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San Francisco’s Plan to Improve Public Transit Access for Underserved Communities

San Francisco, California

San Francisco, California Shutterstock

 

Connecting state and local government leaders

A light rail extension and bus fleet replacement are the biggest investment, but Muni also has smaller adjustments in the works.

The San Francisco Municipal Transportation Agency adopted its first-ever Muni Equity Strategy Report on Tuesday to increase public transit access to underserved communities throughout the metro area.

Seven districts with high concentrations of minority, low-income, disabled, and senior residents were dubbed “equity strategy neighborhoods”: Bayview, Chinatown, Excelsior/Outer Mission, Mission, Tenderloin/SoMa, Visitacion Valley, and Western Addition.

In those neighborhoods, SFMTA will focus on improving timeliness, service gaps and crowding to keep public transit competitive with driving, according to the report:

SFMTA staff identified two to three key needs for each neighborhood and for routes heavily used by seniors and people with disabilities based on where data revealed underperformance relative to peer lines. SFMTA staff were not looking to develop strategies that could address every single challenge for transit performance in the neighborhoods, but rather focus on a few actionable strategies that could be implemented quickly and are expected to make a significant difference in the reliability and quality of service.

Key needs included redesigning rail schedules, increasing peak period service, reassigning buses, partnering with agencies like Caltrans to manage freeway traffic, and reevaluating routes for particular neighborhoods.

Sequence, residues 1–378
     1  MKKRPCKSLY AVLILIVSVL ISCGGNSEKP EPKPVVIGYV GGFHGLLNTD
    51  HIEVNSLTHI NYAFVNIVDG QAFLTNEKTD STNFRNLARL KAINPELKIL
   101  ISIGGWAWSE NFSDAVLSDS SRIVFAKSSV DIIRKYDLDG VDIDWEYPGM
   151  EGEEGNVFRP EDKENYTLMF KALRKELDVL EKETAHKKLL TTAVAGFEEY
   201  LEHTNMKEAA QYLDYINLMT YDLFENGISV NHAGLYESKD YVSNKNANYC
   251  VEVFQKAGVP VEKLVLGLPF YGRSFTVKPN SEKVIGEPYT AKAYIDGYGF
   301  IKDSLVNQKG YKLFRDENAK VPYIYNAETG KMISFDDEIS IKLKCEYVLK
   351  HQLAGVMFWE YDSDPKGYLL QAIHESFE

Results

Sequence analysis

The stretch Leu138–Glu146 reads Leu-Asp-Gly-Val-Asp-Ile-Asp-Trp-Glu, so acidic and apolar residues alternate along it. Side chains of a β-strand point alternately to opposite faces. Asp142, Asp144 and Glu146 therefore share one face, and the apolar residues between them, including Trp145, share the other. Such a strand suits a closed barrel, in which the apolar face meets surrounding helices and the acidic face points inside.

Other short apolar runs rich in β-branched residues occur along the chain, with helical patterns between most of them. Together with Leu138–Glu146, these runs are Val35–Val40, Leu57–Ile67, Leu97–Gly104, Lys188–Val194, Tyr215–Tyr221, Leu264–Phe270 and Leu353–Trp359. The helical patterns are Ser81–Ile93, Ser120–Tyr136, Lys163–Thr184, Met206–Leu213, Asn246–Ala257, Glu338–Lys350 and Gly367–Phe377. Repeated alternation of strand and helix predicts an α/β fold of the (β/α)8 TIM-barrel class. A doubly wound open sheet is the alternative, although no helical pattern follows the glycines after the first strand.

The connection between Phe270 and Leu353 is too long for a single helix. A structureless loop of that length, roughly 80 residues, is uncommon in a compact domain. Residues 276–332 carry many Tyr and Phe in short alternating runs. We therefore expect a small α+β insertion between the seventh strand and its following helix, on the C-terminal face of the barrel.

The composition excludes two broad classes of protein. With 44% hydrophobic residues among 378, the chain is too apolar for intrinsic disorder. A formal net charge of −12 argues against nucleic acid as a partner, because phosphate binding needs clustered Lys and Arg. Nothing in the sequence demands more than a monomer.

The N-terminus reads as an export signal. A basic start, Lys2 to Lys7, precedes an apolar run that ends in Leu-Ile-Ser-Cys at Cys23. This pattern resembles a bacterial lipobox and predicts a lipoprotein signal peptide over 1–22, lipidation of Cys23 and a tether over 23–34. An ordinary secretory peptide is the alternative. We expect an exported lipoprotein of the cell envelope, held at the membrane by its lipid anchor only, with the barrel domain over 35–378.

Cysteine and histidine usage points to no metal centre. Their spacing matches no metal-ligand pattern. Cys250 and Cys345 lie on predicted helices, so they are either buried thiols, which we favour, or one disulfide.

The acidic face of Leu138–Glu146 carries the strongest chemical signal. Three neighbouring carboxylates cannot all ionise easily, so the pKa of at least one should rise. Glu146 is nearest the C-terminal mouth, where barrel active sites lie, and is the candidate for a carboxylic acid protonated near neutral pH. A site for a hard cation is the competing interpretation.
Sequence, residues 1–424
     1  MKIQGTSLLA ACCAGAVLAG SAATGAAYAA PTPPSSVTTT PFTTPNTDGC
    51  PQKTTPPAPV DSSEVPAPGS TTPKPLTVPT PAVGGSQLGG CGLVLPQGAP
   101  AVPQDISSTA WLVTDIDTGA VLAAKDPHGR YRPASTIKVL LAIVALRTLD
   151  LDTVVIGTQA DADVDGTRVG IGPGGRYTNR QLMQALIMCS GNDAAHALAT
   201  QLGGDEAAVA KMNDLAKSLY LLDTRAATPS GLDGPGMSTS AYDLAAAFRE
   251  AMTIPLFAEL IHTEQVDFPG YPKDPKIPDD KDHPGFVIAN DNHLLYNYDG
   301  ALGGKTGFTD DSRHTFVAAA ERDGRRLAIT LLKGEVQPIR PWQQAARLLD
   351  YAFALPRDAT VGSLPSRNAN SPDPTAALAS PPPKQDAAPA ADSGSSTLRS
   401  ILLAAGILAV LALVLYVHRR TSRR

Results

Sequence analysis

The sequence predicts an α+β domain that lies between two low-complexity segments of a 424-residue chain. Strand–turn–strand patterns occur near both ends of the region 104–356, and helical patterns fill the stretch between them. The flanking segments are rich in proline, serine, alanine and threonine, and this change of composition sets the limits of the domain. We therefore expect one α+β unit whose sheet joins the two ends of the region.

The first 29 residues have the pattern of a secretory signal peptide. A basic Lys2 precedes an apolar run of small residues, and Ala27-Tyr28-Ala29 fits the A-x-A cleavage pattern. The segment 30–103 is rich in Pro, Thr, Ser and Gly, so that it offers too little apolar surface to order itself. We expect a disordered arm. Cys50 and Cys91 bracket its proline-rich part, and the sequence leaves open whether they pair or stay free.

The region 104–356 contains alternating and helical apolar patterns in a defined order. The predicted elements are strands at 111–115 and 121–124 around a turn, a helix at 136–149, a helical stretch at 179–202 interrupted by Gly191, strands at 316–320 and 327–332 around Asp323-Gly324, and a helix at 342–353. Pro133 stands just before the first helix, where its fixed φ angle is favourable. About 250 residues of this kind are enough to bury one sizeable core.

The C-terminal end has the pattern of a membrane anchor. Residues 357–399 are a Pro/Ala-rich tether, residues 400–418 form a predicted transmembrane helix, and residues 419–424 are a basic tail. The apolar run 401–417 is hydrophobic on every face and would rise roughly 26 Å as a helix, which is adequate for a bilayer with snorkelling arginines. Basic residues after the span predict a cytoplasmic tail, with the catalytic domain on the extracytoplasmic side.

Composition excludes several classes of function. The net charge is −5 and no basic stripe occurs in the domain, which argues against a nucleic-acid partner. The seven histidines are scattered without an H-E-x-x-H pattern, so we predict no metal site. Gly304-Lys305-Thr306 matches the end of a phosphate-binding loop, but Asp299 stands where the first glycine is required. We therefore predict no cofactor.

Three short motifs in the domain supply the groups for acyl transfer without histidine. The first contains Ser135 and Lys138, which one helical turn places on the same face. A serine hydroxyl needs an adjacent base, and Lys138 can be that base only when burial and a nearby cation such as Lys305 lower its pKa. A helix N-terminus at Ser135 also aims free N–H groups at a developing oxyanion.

“Dealing with SFMTA has not always been a pleasant experience for me,” Calvin Welch, member of the nonprofit advocacy group Human Services Network, told the board, reported The San Francisco Examiner. “This, however, was a startling reversal.”

Welch, an opponent of “transit gentrification,” felt the strategy could bring buses to often forgotten, less dense neighborhoods.

The report identifies $21 million in new capital expenditures and $2.6 billion in capital projects, predating the equity strategy, that benefit underserved low-income and minority customers. The two largest investments include the Central Subway light rail extension, most benefitting Chinatown, and a complete bus fleet replacement with “cleaner, quieter and more reliable vehicles” by 2019.

New service strategies will cost an estimated $7.5 million annually, but those costs will be offset by efficiency improvements.

Dave Nyczepir is a News Editor at Government Executive’s Route Fifty. (Photo by Sheila Fitzgerald / Shutterstock.com)

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